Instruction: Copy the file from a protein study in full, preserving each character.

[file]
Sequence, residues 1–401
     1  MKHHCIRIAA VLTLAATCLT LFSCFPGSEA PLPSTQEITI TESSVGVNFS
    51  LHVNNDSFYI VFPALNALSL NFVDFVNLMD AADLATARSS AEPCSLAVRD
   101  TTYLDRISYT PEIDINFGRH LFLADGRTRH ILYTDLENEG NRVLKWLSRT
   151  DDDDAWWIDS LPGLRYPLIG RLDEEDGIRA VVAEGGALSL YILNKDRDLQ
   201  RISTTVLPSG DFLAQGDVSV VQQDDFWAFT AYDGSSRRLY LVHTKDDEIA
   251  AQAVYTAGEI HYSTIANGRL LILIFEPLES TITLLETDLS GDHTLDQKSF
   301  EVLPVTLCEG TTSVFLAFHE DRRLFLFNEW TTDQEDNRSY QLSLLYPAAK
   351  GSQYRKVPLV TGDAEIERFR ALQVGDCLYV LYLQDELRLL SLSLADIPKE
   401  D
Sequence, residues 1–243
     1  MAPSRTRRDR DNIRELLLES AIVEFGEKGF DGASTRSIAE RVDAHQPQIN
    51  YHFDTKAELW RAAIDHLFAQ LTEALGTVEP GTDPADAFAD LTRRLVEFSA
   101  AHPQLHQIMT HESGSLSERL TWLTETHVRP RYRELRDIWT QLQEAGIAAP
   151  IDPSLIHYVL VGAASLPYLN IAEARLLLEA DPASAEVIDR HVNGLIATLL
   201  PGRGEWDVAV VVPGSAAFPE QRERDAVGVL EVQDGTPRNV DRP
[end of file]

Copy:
Sequence, residues 1–401
     1  MKHHCIRIAA VLTLAATCLT LFSCFPGSEA PLPSTQEITI TESSVGVNFS
    51  LHVNNDSFYI VFPALNALSL NFVDFVNLMD AADLATARSS AEPCSLAVRD
   101  TTYLDRISYT PEIDINFGRH LFLADGRTRH ILYTDLENEG NRVLKWLSRT
   151  DDDDAWWIDS LPGLRYPLIG RLDEEDGIRA VVAEGGALSL YILNKDRDLQ
   201  RISTTVLPSG DFLAQGDVSV VQQDDFWAFT AYDGSSRRLY LVHTKDDEIA
   251  AQAVYTAGEI HYSTIANGRL LILIFEPLES TITLLETDLS GDHTLDQKSF
   301  EVLPVTLCEG TTSVFLAFHE DRRLFLFNEW TTDQEDNRSY QLSLLYPAAK
   351  GSQYRKVPLV TGDAEIERFR ALQVGDCLYV LYLQDELRLL SLSLADIPKE
   401  D
Sequence, residues 1–243
     1  MAPSRTRRDR DNIRELLLES AIVEFGEKGF DGASTRSIAE RVDAHQPQIN
    51  YHFDTKAELW RAAIDHLFAQ LTEALGTVEP GTDPADAFAD LTRRLVEFSA
   101  AHPQLHQIMT HESGSLSERL TWLTETHVRP RYRELRDIWT QLQEAGIAAP
   151  IDPSLIHYVL VGAASLPYLN IAEARLLLEA DPASAEVIDR HVNGLIATLL
   201  PGRGEWDVAV VVPGSAAFPE QRERDAVGVL EVQDGTPRNV DRP